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Archaeological Discoveries that Changed the World: The tomb of Pharaoh Tutankhamun

Welcome back to the Accessible Art History blog!

Archaeology is a crucial companion discipline to art history because it helps to uncover past civilizations and their works. So, I thought that it would be important to highlight discoveries in a new series here on the blog! For this first installment, I’ll be discussing one of the most famous discoveries in the past 100 years: Pharaoh Tutankhamun and his tomb! Hidden for over 3000 years, the treasures and art within have taught us so much about the New Kingdom! So, to learn more about this magnificent discovery, keep on reading!


Who was Tutankhamun?

Before I dive into the discovery of his tomb, I think that it's important to set up the historical background of Tutankhamun. He is also known as “The Boy King” as he was only 9 years old when he ascended the Egyptian throne. Tutankhamun was the son of the “Heretic Pharaoh” Akhenaten and the woman known only as the “Younger Lady”. Her iden

tity is unknown, but DNA analysis shows that she was the sister of Akhenaten. (Some historians believe that this genetic relationship could have also occurred from several, consecutive generations of first cousin marriages.) Akhenaten was known as the Heretic Pharaoh because he broke away from centuries of polytheistic tradition and pivoted towards the monotheistic worship of Aten, the sun disk.

Tutankhamun ruled over Egypt for about ten years, from 1334 – 1325 BCE. His reign was a relatively minor blip in the history of Egypt and is most remembered for breaking away from the Aten worship of his father and back to the traditional polytheistic worship of the Egyptian pantheon. Tutankhamun had a variety of health issues including bone disease that required the use of a cane, a club foot, scoliosis, and several encounters with malaria. Despite this, he was expected to marry and produce an heir. In accordance with Egyptian traditions, he married his half-sister Ankhesenamun, the daughter of Akhenaten and the famous Nefertiti. Together, they had two daughters that died either right before or right after birth. They were buried along with Tutankhamun in his tomb. The young Pharaoh died at the age of 18, likely from an infection.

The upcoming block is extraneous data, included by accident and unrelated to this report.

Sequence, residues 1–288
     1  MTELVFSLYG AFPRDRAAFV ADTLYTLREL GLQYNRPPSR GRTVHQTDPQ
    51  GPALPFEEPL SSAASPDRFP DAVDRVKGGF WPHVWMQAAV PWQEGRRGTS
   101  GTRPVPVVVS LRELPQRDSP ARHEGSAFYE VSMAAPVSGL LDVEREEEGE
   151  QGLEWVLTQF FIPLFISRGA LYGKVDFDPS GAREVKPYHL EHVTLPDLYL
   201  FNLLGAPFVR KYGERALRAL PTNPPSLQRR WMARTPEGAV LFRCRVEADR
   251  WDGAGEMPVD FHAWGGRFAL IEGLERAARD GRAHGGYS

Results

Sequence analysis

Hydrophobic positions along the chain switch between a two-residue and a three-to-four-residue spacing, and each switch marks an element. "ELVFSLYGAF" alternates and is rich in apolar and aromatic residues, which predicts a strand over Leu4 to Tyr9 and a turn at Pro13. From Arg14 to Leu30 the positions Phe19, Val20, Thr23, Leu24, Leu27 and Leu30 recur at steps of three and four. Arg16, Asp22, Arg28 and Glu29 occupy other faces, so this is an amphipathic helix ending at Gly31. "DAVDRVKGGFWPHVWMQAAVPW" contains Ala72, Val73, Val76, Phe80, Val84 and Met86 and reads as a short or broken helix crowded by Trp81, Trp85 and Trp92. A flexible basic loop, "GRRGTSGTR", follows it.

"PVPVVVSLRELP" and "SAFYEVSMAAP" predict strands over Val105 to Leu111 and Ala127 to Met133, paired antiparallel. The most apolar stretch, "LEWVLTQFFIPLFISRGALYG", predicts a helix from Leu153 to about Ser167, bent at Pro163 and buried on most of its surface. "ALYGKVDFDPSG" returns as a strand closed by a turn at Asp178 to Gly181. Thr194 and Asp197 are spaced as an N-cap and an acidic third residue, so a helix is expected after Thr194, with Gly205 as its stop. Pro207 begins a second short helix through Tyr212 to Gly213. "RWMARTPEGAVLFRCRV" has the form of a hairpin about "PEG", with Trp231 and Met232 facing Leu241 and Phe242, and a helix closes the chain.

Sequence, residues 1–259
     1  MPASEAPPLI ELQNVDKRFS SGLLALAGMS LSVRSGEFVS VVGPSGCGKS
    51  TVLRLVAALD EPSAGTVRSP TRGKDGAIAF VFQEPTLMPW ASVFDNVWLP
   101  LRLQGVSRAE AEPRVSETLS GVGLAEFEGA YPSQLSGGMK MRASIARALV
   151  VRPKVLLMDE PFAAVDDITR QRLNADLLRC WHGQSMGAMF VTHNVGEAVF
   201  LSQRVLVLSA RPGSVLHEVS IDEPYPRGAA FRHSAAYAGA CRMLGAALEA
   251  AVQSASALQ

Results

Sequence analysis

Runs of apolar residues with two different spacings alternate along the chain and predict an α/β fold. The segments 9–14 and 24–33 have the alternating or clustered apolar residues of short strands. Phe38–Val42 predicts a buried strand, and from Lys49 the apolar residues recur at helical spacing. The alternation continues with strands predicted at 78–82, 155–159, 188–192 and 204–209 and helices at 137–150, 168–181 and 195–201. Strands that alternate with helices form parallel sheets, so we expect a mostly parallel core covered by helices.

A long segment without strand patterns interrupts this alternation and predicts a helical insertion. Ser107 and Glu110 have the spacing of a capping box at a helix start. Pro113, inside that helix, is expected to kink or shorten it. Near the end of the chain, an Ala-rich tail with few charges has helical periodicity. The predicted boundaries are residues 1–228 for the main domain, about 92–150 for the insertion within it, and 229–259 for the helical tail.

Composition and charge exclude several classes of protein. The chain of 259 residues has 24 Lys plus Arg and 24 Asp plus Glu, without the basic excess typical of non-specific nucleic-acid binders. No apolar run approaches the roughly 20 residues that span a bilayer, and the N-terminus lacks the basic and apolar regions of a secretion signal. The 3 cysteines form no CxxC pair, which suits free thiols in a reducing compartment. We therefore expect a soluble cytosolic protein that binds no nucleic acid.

The Discovery

For nearly 3500 years, Tutankhamun’s final resting place remained hidden in the sands of the Egyptian desert. But, with the rise of archaeology, it would only be a matter of time before he was found. In 1907, George Herbert, the 5th Earl of Carnarvon, hired Egyptologist Howard Carter to excavate in the Valley of the Kings. For 15 long seasons, Carter worked but found little of note. The 1922 season was to be his last because Carnarvon was frustrated by the fact that he was spending a lot of money without anything to show for it! But, as it turns out, one more season was all he needed!

By 1922, it was thought that the Valley of the Kings had been fully explored. Evidence of Tutankhamun’s existence had been found in other 18th dynasty tombs (such as small items that bore his cartouche), so Egyptologists assumed that his tomb had already been discovered and robbed in antiquity, as was the case with many burial places. On November

4 1922, Carter and his team were digging in an area that had already been explored. But suddenly, one of the workers uncovered a stair. Excited, they started to dig and soon uncovered an entire staircase! After a few weeks, they were able to enter into an antechamber and clear it out. On November 26, Howard Carter broke open the seal. He said: At first I could see nothing, the hot air escaping from the chamber causing the candle flame to flicker, but presently, as my eyes grew accustomed to the light, details of the room within emerged slowly from the mist, strange animals, statues, and gold — everywhere the glint of gold.

When the group was able to enter the tomb, they were astounded by how many objects inside. It was absolutely jam packed with nearly 5400 items! They ranged from royal regalia, everyday objects that would be needed in the afterlife, food, and religious artifacts. There was some evidence that the tomb was robbed in antiquity, but it is unknown why they didn’t return. It took Howard Carter nearly eight years to catalog and pack up the objects in Tutankhamun’s tomb! When he was finished, the world had a much clearer understanding of Ancient Egyptian culture.


In the 100 years since the discovery of Pharaoh Tutankhamun’s tomb, art historians, archaeologists, and Egyptologists have been able to expand their knowledge on the New Kingdom exponentially! It also helped to capture the public’s imagination, boosting tourism and study around the world!



Gardner’s Art through the Ages, 12th edition by Fred S. Kleiner


Cover Image: Mask of Tutankhamun

CC 3.0 via Wikimedia Commons


CC 2.5 via Wikimedia Commons

Tutankhamun and his sister-queen, Ankhesenamun

Public Domain via Wikimedia Commons

Howard Carter examining Tutankhamun’s sarcophagus

Public Domain via Wikimedia Commons

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